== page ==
They will all need lots of watering in their first season to settle them in and you can also help by mulching well with compost and manure or bark chippings. You can even plant through cardboard – water well first to make it more flexible and then using a knife, cut holes in the cardboard for planting through. Cover with bark mulch to weigh the cardboard down and to make it look more attractive.
Our favourite dry shade plants:
Brunnera macrophylla – a member of the borage and comfrey family, it is a really good weed suppressant. It has rather rough, heart-shaped leaves above tough, slowly spreading roots – the effect is rather like a rough-textured hosta, but unlike hostas doesn’t get eaten by slugs and snails! Known as the perennial forget-me-not, it produces very dainty pale blue flowers. The silver form called ‘Jack Frost’ really lights up a shady corner and is lovely cultivar. Height 45cm (18in)
Dryopteris filix-mas - I’m always surprised that this plant is tolerant of dry, shady conditions. If like me you have problems remembering what fern goes where, the clue is in the name DRYopteris! It is known as the shuttlecock fern and once established, its finely dissected widely splayed fronds make a really good contrast to broader foliage. You have to wait for a while for it to reach maturity but it is worth the wait. Two favourite AGM cultivars are ‘Cristata’ and ‘Grandiceps Wills’ – both have crests at the tips of their fronds and of their leaf divisions. Height 1m (39in)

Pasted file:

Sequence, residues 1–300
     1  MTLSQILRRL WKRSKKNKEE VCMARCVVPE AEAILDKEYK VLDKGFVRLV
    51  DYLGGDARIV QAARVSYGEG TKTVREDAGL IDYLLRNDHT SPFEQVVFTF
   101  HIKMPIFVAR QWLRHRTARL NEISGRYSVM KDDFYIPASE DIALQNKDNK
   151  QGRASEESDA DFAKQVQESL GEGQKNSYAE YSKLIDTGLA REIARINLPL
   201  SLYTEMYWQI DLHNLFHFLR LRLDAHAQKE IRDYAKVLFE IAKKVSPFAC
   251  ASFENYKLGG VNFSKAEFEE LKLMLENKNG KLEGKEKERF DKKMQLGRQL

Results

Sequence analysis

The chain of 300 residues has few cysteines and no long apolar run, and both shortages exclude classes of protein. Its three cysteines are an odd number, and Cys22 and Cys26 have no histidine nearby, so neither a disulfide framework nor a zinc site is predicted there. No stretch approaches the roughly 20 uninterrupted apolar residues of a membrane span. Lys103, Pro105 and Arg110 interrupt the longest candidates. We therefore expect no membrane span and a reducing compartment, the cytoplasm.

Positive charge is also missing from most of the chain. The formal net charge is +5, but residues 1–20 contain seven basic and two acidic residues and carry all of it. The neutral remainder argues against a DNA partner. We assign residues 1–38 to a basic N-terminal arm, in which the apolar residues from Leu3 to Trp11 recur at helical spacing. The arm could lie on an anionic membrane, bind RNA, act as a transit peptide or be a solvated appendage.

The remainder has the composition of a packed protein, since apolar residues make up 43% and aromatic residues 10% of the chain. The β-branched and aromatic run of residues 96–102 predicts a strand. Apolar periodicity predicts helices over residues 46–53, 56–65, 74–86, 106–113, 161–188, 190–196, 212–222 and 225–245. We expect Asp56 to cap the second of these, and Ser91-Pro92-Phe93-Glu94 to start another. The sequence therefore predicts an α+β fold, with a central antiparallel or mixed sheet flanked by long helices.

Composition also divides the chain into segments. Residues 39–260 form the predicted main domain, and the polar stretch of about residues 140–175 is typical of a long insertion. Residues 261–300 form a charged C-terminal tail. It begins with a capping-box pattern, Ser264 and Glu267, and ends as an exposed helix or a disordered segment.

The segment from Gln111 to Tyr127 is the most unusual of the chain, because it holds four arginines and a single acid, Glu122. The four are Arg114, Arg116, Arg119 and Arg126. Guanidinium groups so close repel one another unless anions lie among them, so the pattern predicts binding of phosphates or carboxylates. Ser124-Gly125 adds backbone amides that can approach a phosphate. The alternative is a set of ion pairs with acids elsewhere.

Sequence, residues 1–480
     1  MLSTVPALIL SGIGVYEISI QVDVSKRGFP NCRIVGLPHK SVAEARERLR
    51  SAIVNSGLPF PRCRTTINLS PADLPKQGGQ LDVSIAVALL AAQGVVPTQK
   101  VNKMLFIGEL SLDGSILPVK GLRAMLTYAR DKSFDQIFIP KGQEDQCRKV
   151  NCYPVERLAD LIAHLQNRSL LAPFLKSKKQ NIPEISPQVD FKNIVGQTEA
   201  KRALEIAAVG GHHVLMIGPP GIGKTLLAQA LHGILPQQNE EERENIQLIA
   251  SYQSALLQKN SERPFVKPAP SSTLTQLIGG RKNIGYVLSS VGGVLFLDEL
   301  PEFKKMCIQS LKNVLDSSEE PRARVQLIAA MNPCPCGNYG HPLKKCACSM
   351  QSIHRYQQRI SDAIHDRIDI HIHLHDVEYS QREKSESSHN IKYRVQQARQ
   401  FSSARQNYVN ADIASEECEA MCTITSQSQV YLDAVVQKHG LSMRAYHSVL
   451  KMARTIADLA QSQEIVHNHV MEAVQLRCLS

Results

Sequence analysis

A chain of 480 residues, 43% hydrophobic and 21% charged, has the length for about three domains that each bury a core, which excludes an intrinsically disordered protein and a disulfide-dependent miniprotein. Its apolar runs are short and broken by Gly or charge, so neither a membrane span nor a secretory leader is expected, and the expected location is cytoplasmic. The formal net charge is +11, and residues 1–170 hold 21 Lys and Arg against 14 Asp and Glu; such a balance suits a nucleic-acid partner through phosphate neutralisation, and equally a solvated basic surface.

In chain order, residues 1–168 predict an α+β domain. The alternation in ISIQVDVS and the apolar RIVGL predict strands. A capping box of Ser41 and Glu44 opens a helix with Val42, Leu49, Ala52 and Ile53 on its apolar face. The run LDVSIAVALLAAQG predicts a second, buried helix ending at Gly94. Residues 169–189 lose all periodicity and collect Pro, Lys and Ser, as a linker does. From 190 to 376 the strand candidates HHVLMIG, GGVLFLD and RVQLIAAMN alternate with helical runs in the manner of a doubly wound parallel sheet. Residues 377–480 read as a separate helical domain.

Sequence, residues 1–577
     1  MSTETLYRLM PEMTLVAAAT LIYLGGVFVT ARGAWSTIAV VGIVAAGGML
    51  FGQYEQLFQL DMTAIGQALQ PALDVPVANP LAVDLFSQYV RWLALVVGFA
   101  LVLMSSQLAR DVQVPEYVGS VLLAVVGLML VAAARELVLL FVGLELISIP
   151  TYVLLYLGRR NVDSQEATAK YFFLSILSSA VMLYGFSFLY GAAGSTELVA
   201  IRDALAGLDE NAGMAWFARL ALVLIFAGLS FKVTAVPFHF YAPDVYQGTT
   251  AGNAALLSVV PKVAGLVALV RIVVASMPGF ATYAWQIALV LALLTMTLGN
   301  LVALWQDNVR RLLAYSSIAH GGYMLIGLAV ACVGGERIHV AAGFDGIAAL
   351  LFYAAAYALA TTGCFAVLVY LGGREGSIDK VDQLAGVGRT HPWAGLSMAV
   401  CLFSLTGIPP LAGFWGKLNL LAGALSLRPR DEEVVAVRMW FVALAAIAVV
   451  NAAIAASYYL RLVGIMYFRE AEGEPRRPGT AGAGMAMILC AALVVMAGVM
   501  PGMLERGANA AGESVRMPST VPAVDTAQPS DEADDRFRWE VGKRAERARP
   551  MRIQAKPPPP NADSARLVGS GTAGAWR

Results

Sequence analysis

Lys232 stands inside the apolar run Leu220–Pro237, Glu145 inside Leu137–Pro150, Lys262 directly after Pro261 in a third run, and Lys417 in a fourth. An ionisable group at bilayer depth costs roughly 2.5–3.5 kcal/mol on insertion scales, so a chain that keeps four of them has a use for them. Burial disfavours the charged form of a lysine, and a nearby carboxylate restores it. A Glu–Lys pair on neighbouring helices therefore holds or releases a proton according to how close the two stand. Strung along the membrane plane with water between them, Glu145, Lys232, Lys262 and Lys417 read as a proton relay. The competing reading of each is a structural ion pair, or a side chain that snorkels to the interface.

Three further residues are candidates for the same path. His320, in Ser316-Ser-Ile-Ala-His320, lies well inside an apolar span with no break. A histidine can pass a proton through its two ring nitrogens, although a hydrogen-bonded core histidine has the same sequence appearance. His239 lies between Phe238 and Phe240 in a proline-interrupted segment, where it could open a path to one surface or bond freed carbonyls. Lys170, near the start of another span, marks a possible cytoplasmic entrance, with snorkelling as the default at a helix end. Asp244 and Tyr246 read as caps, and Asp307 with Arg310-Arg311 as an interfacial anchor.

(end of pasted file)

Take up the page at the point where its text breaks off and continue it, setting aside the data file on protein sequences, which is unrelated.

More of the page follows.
Euonymus fortunei ‘Emerald ‘n’ Gold’ – the poor old Euonymus always seems to get a bad press – maybe because it is often used in places where it doesn’t get looked after very well. It is a great winter plant and when the cold gets to it the small dark leaves, edged in gold, develop a lovely pink tinge. It can be pruned hard in spring and clipped to shape, or if left will also climb walls. It also looks good in containers in a shady position. Height 50cm (20in)